Whenever you hear the term, ‘Yoga’, the words, ‘Body’, ‘Mind’ and ‘Soul’ immediately come to mind as its universal tagline.
A few years ago, I was writing promotional content for a retreat and my fellow teacher advised me, “Use the words, ‘mind, body, and soul’ in the heading or the first paragraph.” I responded that it’s a cliché. “This is how people relate to anything that’s yoga,” she told me.
This phrase, despite its clicheness, continues to be overused because at least it holds the original thought.
The phrase “body, mind and soul” is a simplification of what is described in the Yoga Sutras as the sthula (physical), sukshma (subtle) and karna (causal) body. An individual is the unión of these three dimensions; the unión which we call yoga already exists.
Through practice, we only become aware of it:
We don’t do yoga (unión), we simply experience it.
Last year, during my advance teacher training program, I found the “body, mind and soul” of Yoga staring right at me as the trinity of A’s in the very word asana (yoga posture).
According to Patañjali’s Yoga Sutra, asana is the physical practice that yogis complete to ready their body for meditation. The English transcription of the word asana has three A’s. In my revelation I saw what the three A’s stand for:
In order to find a graceful expression in any yoga posture, your physical body must be in harmonious alignment, which is achieved by the Activation of required muscle groups.
After activation of the body, further grace is added into the posture by your mind or the subtle body which finds Alertness through engagement of yogic breath.
It is your soul or the causal body which is Aware of the activation and alertness of the physical and subtle body respectively.
Let us take Tadasana (Mountain Pose) as an example to understand this concept and learn how to integrate activation, alertness and awareness in your practice. Later you can apply the same principle in other asanas.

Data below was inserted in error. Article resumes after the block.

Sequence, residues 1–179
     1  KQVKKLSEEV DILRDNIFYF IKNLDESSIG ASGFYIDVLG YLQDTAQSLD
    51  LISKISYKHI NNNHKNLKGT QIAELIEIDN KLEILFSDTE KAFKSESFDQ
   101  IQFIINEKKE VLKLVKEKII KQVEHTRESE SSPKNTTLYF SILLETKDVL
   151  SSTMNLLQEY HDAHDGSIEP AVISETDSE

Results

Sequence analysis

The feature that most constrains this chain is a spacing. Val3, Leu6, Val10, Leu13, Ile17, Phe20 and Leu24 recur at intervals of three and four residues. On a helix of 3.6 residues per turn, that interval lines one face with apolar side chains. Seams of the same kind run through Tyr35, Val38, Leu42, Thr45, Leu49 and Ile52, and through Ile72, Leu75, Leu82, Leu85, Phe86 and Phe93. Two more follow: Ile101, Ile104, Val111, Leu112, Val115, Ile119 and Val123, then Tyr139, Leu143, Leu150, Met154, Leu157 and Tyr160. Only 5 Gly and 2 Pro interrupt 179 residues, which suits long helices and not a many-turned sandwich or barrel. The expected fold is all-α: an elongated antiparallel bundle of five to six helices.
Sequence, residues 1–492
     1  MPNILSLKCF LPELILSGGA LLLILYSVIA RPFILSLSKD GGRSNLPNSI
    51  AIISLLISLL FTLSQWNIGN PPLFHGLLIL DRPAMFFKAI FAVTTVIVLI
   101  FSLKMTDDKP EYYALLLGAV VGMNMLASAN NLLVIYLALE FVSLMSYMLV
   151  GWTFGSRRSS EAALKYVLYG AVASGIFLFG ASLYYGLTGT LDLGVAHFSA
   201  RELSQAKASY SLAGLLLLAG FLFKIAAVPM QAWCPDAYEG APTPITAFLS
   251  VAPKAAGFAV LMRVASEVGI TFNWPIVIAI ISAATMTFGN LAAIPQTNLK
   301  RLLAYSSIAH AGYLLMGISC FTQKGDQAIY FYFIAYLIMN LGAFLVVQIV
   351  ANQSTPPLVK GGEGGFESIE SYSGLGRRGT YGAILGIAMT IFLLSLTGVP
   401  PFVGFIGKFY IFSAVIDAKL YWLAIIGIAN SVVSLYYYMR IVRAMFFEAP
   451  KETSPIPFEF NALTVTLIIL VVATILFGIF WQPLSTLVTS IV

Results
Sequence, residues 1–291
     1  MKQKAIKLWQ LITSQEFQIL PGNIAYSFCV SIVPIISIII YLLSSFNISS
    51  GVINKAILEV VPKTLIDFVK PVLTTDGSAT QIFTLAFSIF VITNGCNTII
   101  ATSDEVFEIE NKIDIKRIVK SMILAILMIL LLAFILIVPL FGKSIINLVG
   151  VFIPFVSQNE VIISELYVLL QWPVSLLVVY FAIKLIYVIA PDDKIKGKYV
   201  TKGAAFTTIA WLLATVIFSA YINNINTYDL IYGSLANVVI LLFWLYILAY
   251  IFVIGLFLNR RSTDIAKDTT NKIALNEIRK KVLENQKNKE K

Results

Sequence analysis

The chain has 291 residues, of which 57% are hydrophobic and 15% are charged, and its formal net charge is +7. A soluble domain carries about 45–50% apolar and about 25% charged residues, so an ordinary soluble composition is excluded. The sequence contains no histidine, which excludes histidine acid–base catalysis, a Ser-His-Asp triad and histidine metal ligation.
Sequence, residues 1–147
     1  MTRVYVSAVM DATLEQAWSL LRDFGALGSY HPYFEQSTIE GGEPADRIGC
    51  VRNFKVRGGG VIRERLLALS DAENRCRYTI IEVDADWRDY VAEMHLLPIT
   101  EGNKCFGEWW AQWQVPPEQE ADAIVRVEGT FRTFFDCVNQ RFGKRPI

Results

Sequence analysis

Stand with equal weight on both feet. Ground through your heels and maintain that energy line running up through your body which as a result activates your quadriceps and lift your knee caps. Your chest is open with arms straight on the sides of your body.
Now engage Mula Bandha (Root Lock) and Uddiyana Bandha (Abdominal Lock). This is activation, the first element of the union. The second element of the unión is invoked by breathing in Ujjayi (Victorious Breath).
Just as muscular engagement leads to activation of the body, the minds finds it alertness through the engagement of breath.
Once you find alignment of your body and mind, the infinite space-time continuum collapses in the now as you are fully present in the moment. This is called Samastitihi (equal standing) and it is here where your asana practice begins.
The more you practice, the more you will become mindful of the activation, alertness and awareness trinity. All you have to do now is to add the fourth ‘A’ which is Authenticity to your practice and a time will come when you will effortlessly move into and through postures simply being a witness and it is this that adds grace to your yoga.
Love elephant and want to go steady?
Editor: Renée Picard
Photo: Author’s Own via siddhaonline